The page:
The more than a million inhabitants of Sydney, Australia, lined the shore of Sydney harbor or were on boats that filled the Sydney harbor. The hour was just before midnight December 31, 1999. The occasion was the bidding farewell to the passing year, century, millennium and the welcoming of a new year, century, millennium-something that none of the living would experience again. The bell tower of the old Sydney Post Office was pealing out the hour; and at the strike of 12, there was a burst of fireworks such as no one had ever seen before. Rockets and colors filled the sky welcoming in the new year, century, millennium. Although there were similar fireworks in scores of cities around the world, none equaled that which was demonstrated that evening in Sydney, Australia.
One of the remarkable features of that occasion was a brilliantly lighted word suspended from the Sydney harbor bridge-one word in immaculate copperplate script: ETERNITY. Why that one word? Why that script? In a sense, it was a memorial to a most unusual man. In a very real sense, it was a sermon in one word-a sermon preached an estimated five hundred thousand times on the pavements of Sydney and even other cities far beyond the boundary of that most populous Australian city.
Arthur Stace is a little-known man, very slight in build and stature (only five foot three). He was born in 1884 in a slum area of Sydney. Both his father and mother were alcoholics as were also his two brothers; and his sisters were the "madams" of a brothel, having learned their trade well from their mother. As a small child, he was totally ignored. He reported that many a night the children slept under the house on burlap bags because of the drunken violence being enacted in the house above them.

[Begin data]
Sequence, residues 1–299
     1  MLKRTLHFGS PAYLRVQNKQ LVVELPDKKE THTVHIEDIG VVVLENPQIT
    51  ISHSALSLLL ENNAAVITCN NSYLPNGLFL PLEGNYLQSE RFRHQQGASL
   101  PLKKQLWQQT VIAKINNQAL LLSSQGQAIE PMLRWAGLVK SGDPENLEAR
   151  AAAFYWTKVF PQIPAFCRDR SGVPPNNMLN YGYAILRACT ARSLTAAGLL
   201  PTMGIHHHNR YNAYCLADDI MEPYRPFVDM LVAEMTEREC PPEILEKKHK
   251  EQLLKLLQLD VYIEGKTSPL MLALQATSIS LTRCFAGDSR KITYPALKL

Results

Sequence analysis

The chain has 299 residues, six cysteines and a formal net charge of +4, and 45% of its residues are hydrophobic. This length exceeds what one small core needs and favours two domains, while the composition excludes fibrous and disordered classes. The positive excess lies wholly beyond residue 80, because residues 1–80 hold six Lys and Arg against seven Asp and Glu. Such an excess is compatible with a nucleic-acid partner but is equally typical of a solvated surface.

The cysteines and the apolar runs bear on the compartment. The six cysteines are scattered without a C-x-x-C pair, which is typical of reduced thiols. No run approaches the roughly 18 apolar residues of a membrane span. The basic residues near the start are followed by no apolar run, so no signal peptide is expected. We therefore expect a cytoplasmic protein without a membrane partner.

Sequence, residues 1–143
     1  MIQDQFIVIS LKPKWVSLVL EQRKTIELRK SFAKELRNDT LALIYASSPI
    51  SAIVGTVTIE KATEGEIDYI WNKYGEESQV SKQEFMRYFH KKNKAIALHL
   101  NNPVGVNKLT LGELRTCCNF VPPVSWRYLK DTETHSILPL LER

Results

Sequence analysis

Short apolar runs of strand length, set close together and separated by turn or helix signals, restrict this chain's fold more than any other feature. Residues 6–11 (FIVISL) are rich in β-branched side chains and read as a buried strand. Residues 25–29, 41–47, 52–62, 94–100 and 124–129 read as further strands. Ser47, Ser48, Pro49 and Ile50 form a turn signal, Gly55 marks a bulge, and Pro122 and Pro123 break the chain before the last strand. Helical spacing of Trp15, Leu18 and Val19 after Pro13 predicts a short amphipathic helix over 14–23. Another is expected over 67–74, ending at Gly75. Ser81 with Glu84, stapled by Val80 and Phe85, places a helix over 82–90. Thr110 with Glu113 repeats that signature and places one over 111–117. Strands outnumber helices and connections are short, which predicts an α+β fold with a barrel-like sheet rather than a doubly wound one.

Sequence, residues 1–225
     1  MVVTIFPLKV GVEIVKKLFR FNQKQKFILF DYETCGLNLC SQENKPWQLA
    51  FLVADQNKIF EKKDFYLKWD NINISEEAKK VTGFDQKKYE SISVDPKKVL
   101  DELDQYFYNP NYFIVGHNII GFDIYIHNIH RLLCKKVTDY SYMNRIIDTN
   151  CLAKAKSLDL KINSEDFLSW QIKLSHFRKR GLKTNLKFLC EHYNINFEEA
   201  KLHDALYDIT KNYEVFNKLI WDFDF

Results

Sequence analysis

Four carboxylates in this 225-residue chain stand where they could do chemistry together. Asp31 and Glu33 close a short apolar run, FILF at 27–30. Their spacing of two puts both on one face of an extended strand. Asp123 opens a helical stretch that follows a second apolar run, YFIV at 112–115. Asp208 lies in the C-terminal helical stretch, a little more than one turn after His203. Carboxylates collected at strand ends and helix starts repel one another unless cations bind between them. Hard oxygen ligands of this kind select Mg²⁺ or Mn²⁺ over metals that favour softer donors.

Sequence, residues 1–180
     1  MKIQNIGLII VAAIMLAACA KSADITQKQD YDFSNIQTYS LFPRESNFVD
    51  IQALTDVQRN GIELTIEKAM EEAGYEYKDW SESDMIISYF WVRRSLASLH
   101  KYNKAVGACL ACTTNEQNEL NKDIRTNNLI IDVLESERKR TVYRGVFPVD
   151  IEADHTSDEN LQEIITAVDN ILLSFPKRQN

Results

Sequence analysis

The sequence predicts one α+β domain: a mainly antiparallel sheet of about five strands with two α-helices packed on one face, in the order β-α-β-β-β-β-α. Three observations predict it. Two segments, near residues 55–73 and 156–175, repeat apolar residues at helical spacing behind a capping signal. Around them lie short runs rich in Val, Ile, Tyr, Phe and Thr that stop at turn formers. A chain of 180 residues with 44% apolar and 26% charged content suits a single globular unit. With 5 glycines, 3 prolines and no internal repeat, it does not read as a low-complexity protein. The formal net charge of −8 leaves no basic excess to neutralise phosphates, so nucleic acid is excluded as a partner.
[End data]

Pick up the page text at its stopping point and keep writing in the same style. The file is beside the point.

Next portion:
From almost his earliest age he became a petty thief, stealing milk and bread and whatever he could find in garbage buckets just to survive. His two brothers eventually died of alcoholism; and, as mentioned, his sisters had a brothel. Arthur, at the age of 12, was already a heavy drinker and was frequently dragged in by the police in a drunken stupor. He went to work in the coal mines at the age of 15, having never spent a day in school. He could barely write his own name.
During World War I he enlisted in the Australian forces and served as a stretcher bearer in France and the war fields of that horrible conflagration. A slight injury damaged one of his eyes. When he returned from France, he took up his old lifestyle of heavy drinking and petty crime. One of his occupations was to be a lookout for authorities and warning the gambling dens and brothel proprietors when police authorities were near. On one occasion, drunken, he staggered into a police station and asked to be locked up, but was refused. He left grumbling, "They lock me up when I don't want to be; and when I want to be, they won't."
In the grips of the Great Depression, there was widespread unemployment; and an Evangelical Anglican Church had what they called a Meeting for Needy Men. He, along with hundreds of other men, would gather, not to hear the preaching, but to get a cup of hot tea and some rock cake. On August 6 of 1930, Arthur wandered into one of those meetings. He noticed that around the edge and at the doors there were some well-dressed men, very different from the majority of those who were in the large hall. He turned to the man sitting beside him and said, "Who are those blokes?" The answer was "They're probably Christians." Arthur said, "I'm having a go at what they've got."
The speaker that day was an outstanding evangelist by the name of Ridley, and Arthur Stace listened attentively as the simple plan of salvation was preached. After his cup of tea and rock cake, he went across the street to the University Park and, falling down under a large fig tree, cried out "Lord, be merciful to me, a sinner." His was a genuine conversion to Christ. For the next 37 years, his life was a living testimony to God's saving and keeping power. Later he testified "I went in to get a cup of tea and a rock cake, but I met the Rock of Ages."